We love being haunted.
On 23 July Rose Wintergreen brought the haunt at the Toff in Town.
What does it mean to be haunted? Rose Wintergreen summoned ghosts of memories past. She wove stories of the intersection between vivid dreams and half-forgotten memories. These are not the stories of eating a tuna sandwich in the summertime. This is 9pm in the middle of winter and you’re not quite sure if you’re creating a new memory or reliving an existing one. You’re not quite sure if you’ve been here before.
This is music that pulls at something hidden deep within us.
Rose Wintergreen is something of a phenomenon. Originally establishing herself as an acoustic folk artist, she’s since expanded her sound with a range of new colours and textures. In addition to her guitar, Wintergreen introduced four backing singers, electric violin, piano, electronic backing tracks, a looper and even a kalimba. The result was lush and varied, extending beyond what the handful of musicians on stage would imply.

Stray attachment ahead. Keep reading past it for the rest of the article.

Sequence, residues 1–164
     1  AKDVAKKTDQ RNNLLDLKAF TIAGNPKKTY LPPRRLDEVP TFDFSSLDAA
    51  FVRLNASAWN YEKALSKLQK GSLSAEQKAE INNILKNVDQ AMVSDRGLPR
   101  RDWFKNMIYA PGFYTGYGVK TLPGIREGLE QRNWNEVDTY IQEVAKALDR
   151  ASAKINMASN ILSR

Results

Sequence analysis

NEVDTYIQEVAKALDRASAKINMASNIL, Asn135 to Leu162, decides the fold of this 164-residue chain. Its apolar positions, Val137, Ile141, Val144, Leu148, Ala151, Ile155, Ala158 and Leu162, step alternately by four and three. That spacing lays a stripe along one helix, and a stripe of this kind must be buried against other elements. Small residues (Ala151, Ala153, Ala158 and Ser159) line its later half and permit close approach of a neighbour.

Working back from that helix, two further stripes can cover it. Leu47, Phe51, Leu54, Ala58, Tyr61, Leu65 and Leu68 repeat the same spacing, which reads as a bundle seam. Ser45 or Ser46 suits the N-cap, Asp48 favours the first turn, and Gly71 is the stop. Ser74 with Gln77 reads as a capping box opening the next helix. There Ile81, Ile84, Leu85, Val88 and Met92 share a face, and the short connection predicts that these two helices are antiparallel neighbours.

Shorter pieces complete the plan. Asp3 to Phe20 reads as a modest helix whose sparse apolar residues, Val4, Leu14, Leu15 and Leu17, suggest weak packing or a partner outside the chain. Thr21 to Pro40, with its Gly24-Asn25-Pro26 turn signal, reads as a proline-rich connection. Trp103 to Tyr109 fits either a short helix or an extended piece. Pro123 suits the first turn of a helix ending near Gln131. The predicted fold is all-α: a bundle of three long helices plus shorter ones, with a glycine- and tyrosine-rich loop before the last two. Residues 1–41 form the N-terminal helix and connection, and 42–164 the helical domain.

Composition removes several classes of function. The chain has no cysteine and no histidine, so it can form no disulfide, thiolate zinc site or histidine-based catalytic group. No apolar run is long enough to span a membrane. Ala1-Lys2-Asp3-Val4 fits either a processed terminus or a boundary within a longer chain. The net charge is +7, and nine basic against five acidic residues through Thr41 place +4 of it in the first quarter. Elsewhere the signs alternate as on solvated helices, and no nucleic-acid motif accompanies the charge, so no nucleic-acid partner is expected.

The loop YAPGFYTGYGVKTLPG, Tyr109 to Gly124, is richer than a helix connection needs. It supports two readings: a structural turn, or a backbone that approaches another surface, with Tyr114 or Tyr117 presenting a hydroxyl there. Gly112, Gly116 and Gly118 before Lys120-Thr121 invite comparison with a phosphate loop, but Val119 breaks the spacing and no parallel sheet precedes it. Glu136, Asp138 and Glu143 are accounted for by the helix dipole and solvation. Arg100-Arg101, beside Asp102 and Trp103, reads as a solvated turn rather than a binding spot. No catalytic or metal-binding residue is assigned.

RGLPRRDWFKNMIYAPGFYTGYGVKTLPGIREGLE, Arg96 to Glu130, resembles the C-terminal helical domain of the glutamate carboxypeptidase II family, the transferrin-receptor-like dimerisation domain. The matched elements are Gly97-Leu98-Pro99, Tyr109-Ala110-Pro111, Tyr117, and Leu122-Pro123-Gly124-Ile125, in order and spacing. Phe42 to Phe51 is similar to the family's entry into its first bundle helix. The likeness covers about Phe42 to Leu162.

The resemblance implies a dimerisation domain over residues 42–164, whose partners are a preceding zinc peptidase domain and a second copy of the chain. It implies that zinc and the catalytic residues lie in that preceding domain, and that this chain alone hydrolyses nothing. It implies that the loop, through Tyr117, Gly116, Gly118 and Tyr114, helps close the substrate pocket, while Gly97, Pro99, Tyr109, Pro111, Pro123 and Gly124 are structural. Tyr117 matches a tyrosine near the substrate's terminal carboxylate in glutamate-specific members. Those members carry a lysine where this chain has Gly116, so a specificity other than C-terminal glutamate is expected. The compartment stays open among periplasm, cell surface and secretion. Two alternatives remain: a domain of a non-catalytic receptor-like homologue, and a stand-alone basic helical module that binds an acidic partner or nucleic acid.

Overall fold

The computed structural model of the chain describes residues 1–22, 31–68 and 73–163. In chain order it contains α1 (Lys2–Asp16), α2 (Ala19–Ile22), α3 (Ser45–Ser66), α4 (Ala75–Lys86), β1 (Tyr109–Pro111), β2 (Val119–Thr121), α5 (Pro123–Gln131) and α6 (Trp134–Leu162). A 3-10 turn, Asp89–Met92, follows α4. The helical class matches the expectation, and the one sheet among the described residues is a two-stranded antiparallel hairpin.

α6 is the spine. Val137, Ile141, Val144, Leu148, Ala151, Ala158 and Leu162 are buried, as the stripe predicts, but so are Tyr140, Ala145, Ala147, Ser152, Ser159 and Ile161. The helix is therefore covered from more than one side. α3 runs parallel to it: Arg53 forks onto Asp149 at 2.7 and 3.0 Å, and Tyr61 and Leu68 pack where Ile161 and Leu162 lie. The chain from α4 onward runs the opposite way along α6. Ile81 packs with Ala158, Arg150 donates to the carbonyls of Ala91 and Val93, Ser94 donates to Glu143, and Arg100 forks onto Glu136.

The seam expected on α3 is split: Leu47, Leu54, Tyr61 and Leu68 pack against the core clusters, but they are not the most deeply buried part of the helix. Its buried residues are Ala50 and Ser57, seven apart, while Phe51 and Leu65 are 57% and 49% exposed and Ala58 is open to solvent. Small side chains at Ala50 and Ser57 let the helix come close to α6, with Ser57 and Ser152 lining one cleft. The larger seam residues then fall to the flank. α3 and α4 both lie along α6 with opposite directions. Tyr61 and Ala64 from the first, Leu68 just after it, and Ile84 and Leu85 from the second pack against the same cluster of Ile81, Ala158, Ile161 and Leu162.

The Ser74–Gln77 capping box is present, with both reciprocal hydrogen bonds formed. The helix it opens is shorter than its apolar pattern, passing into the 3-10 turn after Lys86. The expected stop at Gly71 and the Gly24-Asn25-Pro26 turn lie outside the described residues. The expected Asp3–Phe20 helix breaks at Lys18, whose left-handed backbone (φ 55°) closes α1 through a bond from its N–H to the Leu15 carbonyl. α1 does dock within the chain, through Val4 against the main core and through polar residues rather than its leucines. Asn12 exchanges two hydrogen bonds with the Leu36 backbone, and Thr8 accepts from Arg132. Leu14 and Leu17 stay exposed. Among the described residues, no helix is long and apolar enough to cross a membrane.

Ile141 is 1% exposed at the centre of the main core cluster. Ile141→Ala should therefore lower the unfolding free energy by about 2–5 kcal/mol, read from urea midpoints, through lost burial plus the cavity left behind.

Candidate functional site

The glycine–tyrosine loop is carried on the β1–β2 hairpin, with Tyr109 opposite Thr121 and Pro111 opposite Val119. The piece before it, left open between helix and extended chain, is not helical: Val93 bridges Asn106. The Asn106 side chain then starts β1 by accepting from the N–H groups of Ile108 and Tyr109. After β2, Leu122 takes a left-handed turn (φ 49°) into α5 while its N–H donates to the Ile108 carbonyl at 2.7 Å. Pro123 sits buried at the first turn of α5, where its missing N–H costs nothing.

Rose Wintergreen’s set mainly consisted of new songs selected from her upcoming album. But she also managed to sneak in a couple of cheeky covers – Teardrop and Sweet Dreams – both performed solo with looped vocals. From unassuming, almost unrecognisable beginnings, Wintergreen added layer after sublime layer to build toward a dense texture of intricately woven vocal melodies.
The single she was launching – ‘This City’ – rounded off the set as a kind of dark lullaby to see her audience off into the night. The song spins a story of reclaiming the boundary between the self and the other, anthropomorphising the city as an intimidating and assimilating force. Both words and music would be at home in a Tim Burton film, juxtaposing the dark and mysterious with the personal and fragile.